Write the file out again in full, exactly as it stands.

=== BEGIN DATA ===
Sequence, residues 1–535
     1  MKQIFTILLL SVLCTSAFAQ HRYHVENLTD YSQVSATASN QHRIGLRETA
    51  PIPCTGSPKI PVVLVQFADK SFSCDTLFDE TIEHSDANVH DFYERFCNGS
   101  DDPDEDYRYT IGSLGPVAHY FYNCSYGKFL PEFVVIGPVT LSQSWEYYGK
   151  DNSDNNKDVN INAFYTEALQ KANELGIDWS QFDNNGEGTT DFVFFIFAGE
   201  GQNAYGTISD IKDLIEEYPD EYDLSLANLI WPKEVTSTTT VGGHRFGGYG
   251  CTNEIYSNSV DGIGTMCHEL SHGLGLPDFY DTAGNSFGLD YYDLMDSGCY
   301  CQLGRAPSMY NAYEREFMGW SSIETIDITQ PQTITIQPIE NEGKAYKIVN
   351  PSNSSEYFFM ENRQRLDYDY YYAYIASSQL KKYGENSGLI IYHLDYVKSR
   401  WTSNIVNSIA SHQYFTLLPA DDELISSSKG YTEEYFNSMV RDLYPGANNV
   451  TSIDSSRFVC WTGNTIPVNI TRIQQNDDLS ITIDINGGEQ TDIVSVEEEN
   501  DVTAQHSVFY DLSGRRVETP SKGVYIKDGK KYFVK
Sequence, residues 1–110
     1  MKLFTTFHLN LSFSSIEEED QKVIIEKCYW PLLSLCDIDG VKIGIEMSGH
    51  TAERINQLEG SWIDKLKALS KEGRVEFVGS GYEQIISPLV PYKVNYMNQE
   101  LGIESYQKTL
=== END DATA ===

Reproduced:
Sequence, residues 1–535
     1  MKQIFTILLL SVLCTSAFAQ HRYHVENLTD YSQVSATASN QHRIGLRETA
    51  PIPCTGSPKI PVVLVQFADK SFSCDTLFDE TIEHSDANVH DFYERFCNGS
   101  DDPDEDYRYT IGSLGPVAHY FYNCSYGKFL PEFVVIGPVT LSQSWEYYGK
   151  DNSDNNKDVN INAFYTEALQ KANELGIDWS QFDNNGEGTT DFVFFIFAGE
   201  GQNAYGTISD IKDLIEEYPD EYDLSLANLI WPKEVTSTTT VGGHRFGGYG
   251  CTNEIYSNSV DGIGTMCHEL SHGLGLPDFY DTAGNSFGLD YYDLMDSGCY
   301  CQLGRAPSMY NAYEREFMGW SSIETIDITQ PQTITIQPIE NEGKAYKIVN
   351  PSNSSEYFFM ENRQRLDYDY YYAYIASSQL KKYGENSGLI IYHLDYVKSR
   401  WTSNIVNSIA SHQYFTLLPA DDELISSSKG YTEEYFNSMV RDLYPGANNV
   451  TSIDSSRFVC WTGNTIPVNI TRIQQNDDLS ITIDINGGEQ TDIVSVEEEN
   501  DVTAQHSVFY DLSGRRVETP SKGVYIKDGK KYFVK
Sequence, residues 1–110
     1  MKLFTTFHLN LSFSSIEEED QKVIIEKCYW PLLSLCDIDG VKIGIEMSGH
    51  TAERINQLEG SWIDKLKALS KEGRVEFVGS GYEQIISPLV PYKVNYMNQE
   101  LGIESYQKTL